Do you like to read every book by your favourite author? I don’t…and I do.

I discovered Marilynne Robinson in 2004, when her second novel, Gilead, came out. Narrated by John Ames, a small-town preacher, Gilead has an incomparable quiet humanity; I fell in love with the book immediately. It’s the kind of book that demands slow reading – not only to match the novel’s meditative pace, but also in order to savour the prose.

After finishing it, I had a dilemma. At the time, Robinson had written two novels and three non-fiction books. I wasn’t much interested in reading non-fiction, but the other novel – Housekeeping – appealed to me (Robinson would later write Home, a companion novel to Gilead). In fact, I was possessed of a great desire to get Housekeeping and read it immediately.

But something stopped me. I wasn’t ready to be done with Robinson: What if her lessons would suit me better later in life? How would I feel if there was nothing left to discover of her? She was no thriller writer, pumping out a book a year for my delectation. If I read Housekeeping, there’d be nothing until she wrote another novel.

It wasn’t until 2009, when I heard that Home had been published, that I finally read Housekeeping. I loved it: a slim book set in an American town called Fingerbone, which is as good a symbol of the novel’s delicate yet piercing nature as any. But I still haven’t dared to read Home. I’m still not ready to finish my relationship with Robinson. God knows if I’ll ever read that damn book.

Recently, I did an in conversation event with the acclaimed writer David Vann for the Melbourne Writers Festival. In preparation for our session, I picked up all of his books that I could find. I’d been meaning to read Legend of a Suicide and Caribou Island for a long time, and this was the perfect time to do so.

Vann’s fiction is strongly tied to his own experiences. His father committed suicide when he was young, and Legend of a Suicide presents fictional portraits of a man who seems to fail himself, and his family. His new novel, Dirt, is a Greek tragedy set on a Californian walnut farm; a young man who shares some of Vann’s early interests and qualities can’t get along with his mother. The writing in these books had a strange compulsive effect on me, quite apart from the festival work I knew I had to do. They seemed to illuminate the tragic points of a life: Vann has been frank in interviews about the possible depth of knowledge his family background can give a reader of his fiction.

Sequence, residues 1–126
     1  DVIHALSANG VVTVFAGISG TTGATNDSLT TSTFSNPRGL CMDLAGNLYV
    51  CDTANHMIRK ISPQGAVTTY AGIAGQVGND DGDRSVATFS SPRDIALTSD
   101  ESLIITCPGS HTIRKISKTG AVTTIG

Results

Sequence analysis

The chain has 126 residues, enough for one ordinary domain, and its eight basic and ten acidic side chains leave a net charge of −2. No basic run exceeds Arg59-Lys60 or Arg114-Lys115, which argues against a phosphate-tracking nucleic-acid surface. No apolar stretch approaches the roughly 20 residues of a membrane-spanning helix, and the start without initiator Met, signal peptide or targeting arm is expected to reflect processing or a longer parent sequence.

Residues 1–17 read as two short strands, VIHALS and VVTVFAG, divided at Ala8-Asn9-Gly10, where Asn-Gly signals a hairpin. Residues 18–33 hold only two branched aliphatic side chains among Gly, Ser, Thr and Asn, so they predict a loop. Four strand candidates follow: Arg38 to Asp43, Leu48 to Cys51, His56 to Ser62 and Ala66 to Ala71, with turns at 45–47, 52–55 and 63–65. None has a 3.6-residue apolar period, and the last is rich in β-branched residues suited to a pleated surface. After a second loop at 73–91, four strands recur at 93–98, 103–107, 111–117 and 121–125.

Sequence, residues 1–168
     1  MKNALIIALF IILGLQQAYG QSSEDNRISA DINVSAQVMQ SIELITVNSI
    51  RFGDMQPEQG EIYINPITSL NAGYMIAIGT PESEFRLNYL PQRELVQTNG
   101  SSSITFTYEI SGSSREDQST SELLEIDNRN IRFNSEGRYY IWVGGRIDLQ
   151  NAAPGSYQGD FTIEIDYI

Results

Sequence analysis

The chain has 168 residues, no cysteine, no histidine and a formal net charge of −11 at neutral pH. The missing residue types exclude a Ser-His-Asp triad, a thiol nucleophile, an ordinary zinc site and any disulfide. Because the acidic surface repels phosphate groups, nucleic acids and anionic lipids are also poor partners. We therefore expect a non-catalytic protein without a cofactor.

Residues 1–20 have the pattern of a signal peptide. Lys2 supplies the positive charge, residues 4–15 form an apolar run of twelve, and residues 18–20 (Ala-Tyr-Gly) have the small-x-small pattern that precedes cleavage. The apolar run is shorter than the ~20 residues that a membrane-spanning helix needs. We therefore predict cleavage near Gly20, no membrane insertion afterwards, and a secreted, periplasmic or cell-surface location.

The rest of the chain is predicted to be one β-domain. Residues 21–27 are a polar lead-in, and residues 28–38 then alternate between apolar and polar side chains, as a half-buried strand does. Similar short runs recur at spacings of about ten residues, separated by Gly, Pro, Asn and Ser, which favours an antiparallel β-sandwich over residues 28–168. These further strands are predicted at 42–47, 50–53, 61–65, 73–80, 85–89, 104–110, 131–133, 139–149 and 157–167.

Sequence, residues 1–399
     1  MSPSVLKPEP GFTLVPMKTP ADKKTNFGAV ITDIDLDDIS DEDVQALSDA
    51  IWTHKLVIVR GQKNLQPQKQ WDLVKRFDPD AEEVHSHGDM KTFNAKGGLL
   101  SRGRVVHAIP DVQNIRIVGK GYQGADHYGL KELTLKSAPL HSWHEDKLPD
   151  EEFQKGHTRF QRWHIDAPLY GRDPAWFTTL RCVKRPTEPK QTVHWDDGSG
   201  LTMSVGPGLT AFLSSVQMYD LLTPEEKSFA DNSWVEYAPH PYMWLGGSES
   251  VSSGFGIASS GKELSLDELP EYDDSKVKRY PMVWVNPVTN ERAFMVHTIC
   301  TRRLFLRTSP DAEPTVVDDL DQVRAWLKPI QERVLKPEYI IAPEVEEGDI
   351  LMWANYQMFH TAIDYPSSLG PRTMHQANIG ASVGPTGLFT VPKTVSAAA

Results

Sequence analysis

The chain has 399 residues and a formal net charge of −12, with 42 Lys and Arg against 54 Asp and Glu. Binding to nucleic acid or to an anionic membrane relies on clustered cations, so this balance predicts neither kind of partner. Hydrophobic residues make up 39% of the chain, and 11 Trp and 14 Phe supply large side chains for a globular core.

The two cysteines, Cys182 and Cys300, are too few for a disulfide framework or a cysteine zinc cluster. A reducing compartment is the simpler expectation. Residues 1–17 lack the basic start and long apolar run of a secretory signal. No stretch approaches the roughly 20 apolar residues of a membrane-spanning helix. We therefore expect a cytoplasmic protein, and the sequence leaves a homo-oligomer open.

Not as afraid of non-fiction as I used to be, I sought out his book Last Day on Earth: A Portrait of the NIU Shooter. Last Day on Earth is a deeply sad and affecting work of investigative writing by Vann, a self-described non-journalist, in which he researches the life of Steven Kazmierczak, who killed five people, shot many others, and finally committed suicide. Yet it is also a very personal work, explicitly twinning the early stages of his own life with Kazmierczak’s in an act of authorial empathy. It is probably one of my favourite of Vann’s books, and took me one step closer to being a rabid completist.

Of course, the word ‘completist’ means someone who devours everything created by the artist, regardless of quality, which isn’t an issue with the writers I love. But a similar all-consuming drive possesses me. For example, I was annoyed that Vann’s website lists two forthcoming books that will be published only in Spanish or ‘in other languages’. At this point, the only Vann book I haven’t read is A Mile Down: The True Story of a Disastrous Career at Sea, a memoir of a failed sailing endeavour during which Vann almost drowned. I feel destined to read it, like it’s a necessary link or key to the rest of his work. The best way I can think to explain it is as the last shard to be placed in some broken vessel I’ve carefully put together, having found the pieces lying around.

Neither of these is the ‘correct’ approach. Robinson and Vann are very different authors, and I came to them for very different reasons. But it did make me think of the other authors whose work I am meting out to myself, book by book (David Sedaris, Joan Didion, David Foster Wallace) and the authors whose full catalogues I pursue obsessively (Jane Austen, Isobelle Carmody, John Green). Are there other readers out there who do this, strange (non)-completists like me?

Estelle Tang is the outgoing Online Editor at Kill Your Darlings.